Black Tea: An Overview
This favored tea choice features a deep reddish brown hue and full-bodied taste that results from an extensive oxidation process once the leaves of the tea plant, Camellia Sinensis, are harvested.
The tea may also come infused with fruits, flower petals, and natural flavorings to add a unique taste and variety to the brew.
They are then rolled and cooled, which breaks down the membranes of the leaves and creates a chemical change that allows the natural juices to emerge – and the leaves to darken.
Finally, the tea leaves are "fired" and heat is applied to halt further oxidation and seal in the distinctive flavor and aroma.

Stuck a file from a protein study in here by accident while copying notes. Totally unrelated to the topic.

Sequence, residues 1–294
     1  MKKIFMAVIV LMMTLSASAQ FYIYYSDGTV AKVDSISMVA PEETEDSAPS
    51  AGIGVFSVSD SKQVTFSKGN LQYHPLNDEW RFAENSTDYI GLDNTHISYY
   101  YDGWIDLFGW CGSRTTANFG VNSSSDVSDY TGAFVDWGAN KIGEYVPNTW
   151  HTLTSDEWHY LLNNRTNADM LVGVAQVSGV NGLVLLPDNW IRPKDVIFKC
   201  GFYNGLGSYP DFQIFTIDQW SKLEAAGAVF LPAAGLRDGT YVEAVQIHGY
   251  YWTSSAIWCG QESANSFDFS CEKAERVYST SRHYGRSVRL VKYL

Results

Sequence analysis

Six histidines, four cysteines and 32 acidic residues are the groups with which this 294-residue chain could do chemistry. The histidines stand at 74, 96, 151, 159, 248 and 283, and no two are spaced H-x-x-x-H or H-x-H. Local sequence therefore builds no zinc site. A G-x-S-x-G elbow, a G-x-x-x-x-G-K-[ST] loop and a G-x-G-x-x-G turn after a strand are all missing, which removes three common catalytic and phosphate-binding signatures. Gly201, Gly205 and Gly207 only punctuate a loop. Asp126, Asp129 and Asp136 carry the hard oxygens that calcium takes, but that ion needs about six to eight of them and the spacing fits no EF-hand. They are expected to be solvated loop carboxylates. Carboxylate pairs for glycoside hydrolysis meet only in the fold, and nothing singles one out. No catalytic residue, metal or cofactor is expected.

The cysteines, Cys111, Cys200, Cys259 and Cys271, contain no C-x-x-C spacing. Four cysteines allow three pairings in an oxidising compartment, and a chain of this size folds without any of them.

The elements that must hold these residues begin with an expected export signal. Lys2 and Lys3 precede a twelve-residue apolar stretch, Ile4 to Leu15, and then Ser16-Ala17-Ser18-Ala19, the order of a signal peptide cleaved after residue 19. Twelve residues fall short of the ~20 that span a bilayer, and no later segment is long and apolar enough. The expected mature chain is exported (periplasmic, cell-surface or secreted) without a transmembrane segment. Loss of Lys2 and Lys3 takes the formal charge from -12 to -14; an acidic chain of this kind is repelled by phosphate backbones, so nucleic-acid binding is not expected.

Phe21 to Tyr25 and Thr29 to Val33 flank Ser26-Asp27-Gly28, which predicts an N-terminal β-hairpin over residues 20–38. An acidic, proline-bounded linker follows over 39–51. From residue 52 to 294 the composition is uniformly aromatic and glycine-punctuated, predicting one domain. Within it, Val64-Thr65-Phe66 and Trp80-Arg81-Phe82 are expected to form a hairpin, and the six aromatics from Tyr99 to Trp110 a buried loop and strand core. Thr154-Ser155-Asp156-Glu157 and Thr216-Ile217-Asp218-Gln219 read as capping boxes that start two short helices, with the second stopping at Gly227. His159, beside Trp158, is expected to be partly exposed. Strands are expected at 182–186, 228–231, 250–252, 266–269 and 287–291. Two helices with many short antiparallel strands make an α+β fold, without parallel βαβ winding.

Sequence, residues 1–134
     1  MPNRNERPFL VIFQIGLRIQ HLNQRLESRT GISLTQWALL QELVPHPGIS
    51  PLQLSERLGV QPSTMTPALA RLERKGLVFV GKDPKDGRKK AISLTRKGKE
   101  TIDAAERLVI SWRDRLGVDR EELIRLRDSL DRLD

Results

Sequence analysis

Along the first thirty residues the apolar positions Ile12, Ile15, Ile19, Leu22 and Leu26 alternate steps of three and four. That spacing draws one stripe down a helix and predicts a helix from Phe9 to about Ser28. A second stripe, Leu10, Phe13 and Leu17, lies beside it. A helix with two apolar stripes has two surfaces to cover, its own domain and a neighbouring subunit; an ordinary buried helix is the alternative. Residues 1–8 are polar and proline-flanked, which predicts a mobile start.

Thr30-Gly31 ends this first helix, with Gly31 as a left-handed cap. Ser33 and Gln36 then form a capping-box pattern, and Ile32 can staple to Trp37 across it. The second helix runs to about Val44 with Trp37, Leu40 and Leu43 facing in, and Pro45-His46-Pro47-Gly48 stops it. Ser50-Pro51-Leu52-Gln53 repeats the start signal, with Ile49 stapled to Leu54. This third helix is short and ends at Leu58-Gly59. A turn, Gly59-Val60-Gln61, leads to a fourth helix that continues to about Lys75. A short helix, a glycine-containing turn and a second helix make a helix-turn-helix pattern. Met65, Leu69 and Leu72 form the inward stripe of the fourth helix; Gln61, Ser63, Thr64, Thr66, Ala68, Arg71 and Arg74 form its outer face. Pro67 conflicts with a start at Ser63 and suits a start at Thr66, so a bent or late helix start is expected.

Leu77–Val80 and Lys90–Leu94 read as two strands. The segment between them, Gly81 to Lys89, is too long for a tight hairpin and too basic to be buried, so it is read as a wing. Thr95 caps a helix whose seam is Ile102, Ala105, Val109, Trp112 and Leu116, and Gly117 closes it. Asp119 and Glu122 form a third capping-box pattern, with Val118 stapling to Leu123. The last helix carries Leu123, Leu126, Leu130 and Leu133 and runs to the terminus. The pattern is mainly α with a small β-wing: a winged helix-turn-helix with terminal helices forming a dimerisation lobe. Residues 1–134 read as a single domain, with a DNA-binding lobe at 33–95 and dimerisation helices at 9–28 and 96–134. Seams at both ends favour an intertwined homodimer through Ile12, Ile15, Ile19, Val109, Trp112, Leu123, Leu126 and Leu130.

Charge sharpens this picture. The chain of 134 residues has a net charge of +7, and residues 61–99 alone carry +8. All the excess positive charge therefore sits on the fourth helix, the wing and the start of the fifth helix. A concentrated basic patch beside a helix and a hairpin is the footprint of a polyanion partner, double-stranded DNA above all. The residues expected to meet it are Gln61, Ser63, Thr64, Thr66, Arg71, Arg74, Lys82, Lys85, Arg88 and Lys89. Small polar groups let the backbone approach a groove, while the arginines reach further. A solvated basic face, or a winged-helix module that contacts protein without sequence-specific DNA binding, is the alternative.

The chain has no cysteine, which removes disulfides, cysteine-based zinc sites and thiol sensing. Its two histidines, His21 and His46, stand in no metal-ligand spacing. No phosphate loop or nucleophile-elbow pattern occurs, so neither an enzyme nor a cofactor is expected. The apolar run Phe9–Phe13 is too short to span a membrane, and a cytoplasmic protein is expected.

Types and Taste
Following are some common types of black varieties and the tastes with which they are associated.
There are research studies that link flavanoids, which are present in all blends, to lowering cholesterol levels, reducing inflammations, improving blood flow, and even helping the body maintain proper blood sugar levels.
According to the USDA flavonoid database, both black and green contain 150 to 190 milligrams of flavonoids per cup. They also provide trace amounts of healthful minerals such as potassium and fluoride.
More than 90% of the world’s black teas can be found on grocery store shelves, specialty tea shops, restaurants, and gourmet food outlets.
The invention of the tea bag in the early 1900s is said to contribute significantly to the tea’s popularity and consumption.
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